EUS Faculty

Michèle D. Dominy

Michèle D. Dominy

EUS Program Director

Office: Hegeman 301
Phone: 845-758-7870

Professor of Anthropology

Academic Program Affiliation(s): Anthropology, Environmental and Urban Studies, Gender and Sexuality Studies, Global and International Studies

Academic Expertise: Anthropology

Area of Specialization: Social and cultural anthropology

A.B. (honors), Bryn Mawr College; M.A., Ph.D., Cornell University. Awards and fellowships: Cornell University and Center for International Studies; National Science Foundation; United States/New Zealand Council; Wenner-Gren Foundation; National Endowment for the Humanities; Cultural Heritage Conservation Research Centre at the University of Canberra; Bard Research Fund. Field research in New Zealand and Australia. Author, Calling the Station Home: Place and Identity in New Zealand’s High Country (2001); and articles and reviews in Signs, New Zealand Women’s Studies Journal, Pacific Studies, Anthropology Today, Gender and Society, Pacific Affairs, Landfall: A New Zealand Quarterly, Journal of Linguistic Anthropology, Forest and Conservation History, American Ethnologist, Anthropological Forum, Cultural Anthropology, Man, Landscape Review, Current Anthropology, Journal of Political Ecology, Ecumene, The Contemporary Pacific, and edited volumes and proceedings. Guest coeditor of special issue of Anthropological Forum on “Critical Ethnography in the Pacific.” Served on the editorial board of American Anthropologist and on the boards of the American Conference of Academic Deans and the Environmental Consortium of Colleges and Universities. Past editor, Pacific Monograph Series, University of Pennsylvania Press. Honorary life member of the American Anthropological Association; Fellow of the Association for Social Anthropology in Oceania, Royal Anthropological Association of Great Britain and Northern Ireland, and Society for Applied Anthropology. Evaluator, Middle States Commission on Higher Education. At Bard since 1981.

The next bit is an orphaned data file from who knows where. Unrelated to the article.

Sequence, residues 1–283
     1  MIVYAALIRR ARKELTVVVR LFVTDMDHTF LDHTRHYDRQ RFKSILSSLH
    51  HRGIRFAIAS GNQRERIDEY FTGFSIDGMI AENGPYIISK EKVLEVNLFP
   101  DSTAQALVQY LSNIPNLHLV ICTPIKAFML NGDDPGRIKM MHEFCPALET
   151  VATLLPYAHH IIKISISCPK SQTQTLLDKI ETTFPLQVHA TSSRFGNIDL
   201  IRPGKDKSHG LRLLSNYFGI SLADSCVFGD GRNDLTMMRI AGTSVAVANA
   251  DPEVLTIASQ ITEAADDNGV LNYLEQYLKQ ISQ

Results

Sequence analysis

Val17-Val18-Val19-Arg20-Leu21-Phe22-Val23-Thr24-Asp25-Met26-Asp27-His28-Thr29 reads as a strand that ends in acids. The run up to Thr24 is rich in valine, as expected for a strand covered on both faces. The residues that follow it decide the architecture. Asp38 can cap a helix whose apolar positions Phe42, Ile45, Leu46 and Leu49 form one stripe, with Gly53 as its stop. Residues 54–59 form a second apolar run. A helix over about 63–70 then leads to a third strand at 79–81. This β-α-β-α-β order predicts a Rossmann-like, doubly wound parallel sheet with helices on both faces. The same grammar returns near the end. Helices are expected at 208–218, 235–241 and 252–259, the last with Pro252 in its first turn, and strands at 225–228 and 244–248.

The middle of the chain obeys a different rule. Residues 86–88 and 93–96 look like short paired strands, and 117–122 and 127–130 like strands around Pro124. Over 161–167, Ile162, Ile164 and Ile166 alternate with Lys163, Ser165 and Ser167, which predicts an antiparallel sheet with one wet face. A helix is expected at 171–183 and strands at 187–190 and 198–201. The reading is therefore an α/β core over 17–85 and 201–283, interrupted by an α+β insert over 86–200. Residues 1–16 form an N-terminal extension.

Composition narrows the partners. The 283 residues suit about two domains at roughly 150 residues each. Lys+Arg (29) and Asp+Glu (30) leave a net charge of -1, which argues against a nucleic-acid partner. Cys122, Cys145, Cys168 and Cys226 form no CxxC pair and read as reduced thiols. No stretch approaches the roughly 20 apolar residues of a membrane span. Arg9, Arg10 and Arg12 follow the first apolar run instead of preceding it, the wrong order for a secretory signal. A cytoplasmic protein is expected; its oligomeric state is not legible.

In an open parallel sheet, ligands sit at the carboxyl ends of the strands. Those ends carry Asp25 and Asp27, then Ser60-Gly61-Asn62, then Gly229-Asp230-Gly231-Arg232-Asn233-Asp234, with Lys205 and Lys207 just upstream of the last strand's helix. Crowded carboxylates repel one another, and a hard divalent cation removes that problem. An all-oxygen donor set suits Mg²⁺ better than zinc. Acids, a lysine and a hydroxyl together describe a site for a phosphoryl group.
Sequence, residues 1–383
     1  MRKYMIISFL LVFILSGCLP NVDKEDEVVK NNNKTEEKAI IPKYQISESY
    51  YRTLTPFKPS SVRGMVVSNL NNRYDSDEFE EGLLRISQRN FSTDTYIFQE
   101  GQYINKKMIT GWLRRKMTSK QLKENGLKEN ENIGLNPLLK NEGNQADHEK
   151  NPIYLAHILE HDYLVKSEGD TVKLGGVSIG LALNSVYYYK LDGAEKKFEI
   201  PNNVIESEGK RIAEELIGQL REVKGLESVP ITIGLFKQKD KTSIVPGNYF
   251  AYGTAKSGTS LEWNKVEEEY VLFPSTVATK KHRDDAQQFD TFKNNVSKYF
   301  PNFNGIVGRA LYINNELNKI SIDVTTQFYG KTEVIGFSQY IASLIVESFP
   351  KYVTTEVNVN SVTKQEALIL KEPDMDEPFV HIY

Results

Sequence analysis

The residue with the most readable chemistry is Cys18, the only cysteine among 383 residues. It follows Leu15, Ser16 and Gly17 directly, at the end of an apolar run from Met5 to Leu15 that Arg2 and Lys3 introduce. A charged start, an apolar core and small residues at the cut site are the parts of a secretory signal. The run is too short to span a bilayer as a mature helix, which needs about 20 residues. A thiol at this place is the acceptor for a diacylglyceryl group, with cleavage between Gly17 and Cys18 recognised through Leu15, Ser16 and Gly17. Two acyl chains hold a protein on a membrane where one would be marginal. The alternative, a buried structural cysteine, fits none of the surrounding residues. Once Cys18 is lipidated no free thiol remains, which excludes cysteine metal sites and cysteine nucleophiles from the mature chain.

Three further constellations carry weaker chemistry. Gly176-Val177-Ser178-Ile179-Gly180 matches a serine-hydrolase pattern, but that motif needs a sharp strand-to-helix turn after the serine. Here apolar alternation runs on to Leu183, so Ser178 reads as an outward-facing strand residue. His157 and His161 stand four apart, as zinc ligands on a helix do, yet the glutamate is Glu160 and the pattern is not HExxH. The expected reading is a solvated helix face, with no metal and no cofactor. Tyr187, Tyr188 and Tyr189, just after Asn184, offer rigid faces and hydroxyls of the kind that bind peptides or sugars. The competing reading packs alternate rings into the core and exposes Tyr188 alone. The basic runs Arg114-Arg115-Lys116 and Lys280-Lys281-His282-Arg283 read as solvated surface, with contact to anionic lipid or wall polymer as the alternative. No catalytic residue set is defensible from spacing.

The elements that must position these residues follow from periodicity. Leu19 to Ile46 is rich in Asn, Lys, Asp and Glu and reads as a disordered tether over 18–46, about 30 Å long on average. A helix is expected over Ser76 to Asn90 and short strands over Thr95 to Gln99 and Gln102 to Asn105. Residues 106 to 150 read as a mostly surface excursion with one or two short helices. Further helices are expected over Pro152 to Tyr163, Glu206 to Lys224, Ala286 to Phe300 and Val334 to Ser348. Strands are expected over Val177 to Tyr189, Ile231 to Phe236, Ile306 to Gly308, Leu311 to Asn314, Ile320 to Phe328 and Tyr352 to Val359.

Research Interests: attachment to place; mountain and range lands; settler descendent populations; New Zealand and Australia; national parks and protected areas

Teaching Interests: anthropology of place; ethnography of communication; anthropology of religion; interpretive anthropology; cultural identity and the nation state

Other Interests: anthropology and literature; anthropology and exploration; empire and ecology